Besides various extended letters, while they were apart on professional trips in those early days, Jean and Lois corresponded by writing. Shepherd sent many postcards to Lois, some addressed to Mrs. J. Shepherd, including one from Scotland where he was traveling with The Beatles for a week in order to interview them for Playboy (published February, 1965). See what he wrote about them in this card. Despite at first being displeased with them, during their hectic one night stands, he soon became like one of the family (a Fifth Beatle ?!), and seemed to appreciate (not their music, but) their friendly comradery.
ARTSY—A BRIEF HISTORY
Because of my passion for art, years ago Allison gave me a special mug. It comes from “The Unemployed Philosophers Guild,” located in Brooklyn, New York. I drink my morning coffee from it daily, brewed from espresso beans, black, no sugar.
Lascaux Cave Painting; Fowling Scene from Egyptian Tomb; Black Figure (Greek Pottery); Basilica of Saint Apollinaire, Saint Francis Receiving the Stigmatta Giotto; Tribute Money Massaccio; Last Judgment Bosch; Vitruvian Man da Vinci; Birth of Venus Botticelli; Bacchus Michelangelo, Merisi Caravaggio; Milkmaid Vermeer; Don Manuel Osorio Manrique de Zunica Goya; Dancer on the Stage Degas; Rouen Cathedral Monet; Sunflowers Van Gogh; The Scream Munch; Demoiselles d’Avignon Picasso; Composition with Red, Yellow, Blue and Black Mondrian; Self-Portrait Kahlo; Lavender Mist Number 1 Pollock; Campbell’s Soup Can Warhol; Wham! Lichtenstein, Sky Bird Magritte; Balloon Dog Koons.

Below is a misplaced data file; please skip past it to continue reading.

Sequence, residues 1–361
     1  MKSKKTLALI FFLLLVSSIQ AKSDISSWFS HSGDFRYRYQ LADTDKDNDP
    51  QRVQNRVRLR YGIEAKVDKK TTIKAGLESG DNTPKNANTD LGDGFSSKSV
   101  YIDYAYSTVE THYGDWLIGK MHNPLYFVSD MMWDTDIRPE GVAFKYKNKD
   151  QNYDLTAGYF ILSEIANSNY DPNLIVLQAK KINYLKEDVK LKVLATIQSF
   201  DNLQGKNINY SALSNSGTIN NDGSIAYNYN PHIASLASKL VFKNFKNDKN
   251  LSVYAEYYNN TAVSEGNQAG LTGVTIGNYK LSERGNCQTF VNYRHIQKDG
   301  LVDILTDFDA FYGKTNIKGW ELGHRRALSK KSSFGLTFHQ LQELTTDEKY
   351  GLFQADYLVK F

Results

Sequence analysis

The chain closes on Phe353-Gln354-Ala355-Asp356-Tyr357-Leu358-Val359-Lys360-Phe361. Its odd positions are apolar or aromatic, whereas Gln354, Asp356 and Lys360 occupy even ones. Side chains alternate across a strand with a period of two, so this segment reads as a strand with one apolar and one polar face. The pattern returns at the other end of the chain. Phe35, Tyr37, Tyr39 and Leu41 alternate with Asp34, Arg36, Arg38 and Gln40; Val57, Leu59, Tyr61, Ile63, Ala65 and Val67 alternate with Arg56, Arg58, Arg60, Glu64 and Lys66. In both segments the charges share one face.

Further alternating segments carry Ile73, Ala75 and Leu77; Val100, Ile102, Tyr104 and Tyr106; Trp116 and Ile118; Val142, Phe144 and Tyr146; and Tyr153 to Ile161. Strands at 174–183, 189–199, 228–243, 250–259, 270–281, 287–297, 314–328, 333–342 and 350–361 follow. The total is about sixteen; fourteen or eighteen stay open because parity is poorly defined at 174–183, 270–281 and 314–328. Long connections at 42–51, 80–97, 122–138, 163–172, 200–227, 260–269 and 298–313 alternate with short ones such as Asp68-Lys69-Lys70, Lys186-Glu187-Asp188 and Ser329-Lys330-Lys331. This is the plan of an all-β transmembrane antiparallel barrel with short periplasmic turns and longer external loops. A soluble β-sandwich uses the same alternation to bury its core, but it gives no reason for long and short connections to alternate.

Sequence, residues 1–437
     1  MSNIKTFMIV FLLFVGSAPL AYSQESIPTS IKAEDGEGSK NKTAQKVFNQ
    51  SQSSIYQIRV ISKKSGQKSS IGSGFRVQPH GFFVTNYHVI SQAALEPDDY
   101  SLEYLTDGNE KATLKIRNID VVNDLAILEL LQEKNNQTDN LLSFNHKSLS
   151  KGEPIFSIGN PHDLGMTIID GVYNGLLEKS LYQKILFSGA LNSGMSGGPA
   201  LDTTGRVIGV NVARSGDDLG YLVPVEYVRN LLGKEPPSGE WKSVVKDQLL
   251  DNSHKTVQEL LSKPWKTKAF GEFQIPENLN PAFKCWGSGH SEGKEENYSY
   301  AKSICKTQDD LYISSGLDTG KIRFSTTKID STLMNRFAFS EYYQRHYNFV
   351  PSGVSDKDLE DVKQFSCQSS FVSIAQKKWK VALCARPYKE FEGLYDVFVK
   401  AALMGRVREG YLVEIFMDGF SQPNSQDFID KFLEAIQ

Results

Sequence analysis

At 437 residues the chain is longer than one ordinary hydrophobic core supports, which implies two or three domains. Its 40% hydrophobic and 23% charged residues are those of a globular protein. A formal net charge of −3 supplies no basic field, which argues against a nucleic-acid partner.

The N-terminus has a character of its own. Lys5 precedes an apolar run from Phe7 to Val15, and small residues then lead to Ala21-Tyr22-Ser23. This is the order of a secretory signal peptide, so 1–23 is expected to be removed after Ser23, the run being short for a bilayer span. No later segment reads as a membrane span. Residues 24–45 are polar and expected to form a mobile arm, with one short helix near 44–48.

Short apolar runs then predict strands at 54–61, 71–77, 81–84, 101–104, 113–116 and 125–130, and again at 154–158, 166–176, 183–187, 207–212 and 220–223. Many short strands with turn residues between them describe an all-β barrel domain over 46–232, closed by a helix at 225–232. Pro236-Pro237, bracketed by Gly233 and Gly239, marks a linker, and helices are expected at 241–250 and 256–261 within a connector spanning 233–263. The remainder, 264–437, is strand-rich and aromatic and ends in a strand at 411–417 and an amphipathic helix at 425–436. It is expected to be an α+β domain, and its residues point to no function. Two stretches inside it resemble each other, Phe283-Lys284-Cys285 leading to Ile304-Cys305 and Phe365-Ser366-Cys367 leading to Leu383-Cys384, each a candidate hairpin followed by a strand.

I look at the images on the mug every day, and I’m familiar with almost all of the original creations. However, only recently have I become aware of and studied the well-designed way in which the collage of images has been assembled in its clever composition by Brooklyn’s Unemployed Philosophers.
The scans below are from my very own mug. Starting from the earliest artworks, I describe only some of the major graphic ways they have been arranged so that shapes and colors help move the eye along in their chronological march ever onward and upward (maybe more onward than upward, as some might believe).
First a sequence of overlapping blacks: horse’s head and mane, Egyptian headdress, Greek figure with spear and dog, move the composition onward.
How the upraised hands of saint, Jesus, and da Vinci’s Vitruvian Man frame the figures.
Tribute-money man’s white arm flows into scarf of Bosch’s red-coated figure.
Saint’s dark brown robe curving downward and to the right, helps give a flow to the Bosch soul frying in a pan.
The da Vinci man and Botticelli Venus with her shell behind, give onward flow.
Degas dancer’s upraised hand echoes da Vinci upraised hand.
Munch’s scream-woman and Picasso’s image of demoiselles make a powerful, upright, horrific pair.
The little red-suited Goya, the Mondrian red, the Warhol soup can, and the Koons dog combine in a scarlet dance toward the end.
The end and the beginning echo each other—the balloon-dog at the end faces the horse, dog, Egyptian and Greek at the beginning; the blue bird on the Egyptian’s hand at the beginning echoes the Magritte sky bird at the end (This bird is best seen on the box illustration above, where it hovers over the photo of the cup.) That the beginning and the end face each other at the handle (at the very connection where we grasp the cup’s historical digest) is a satisfying conclusion to the affair.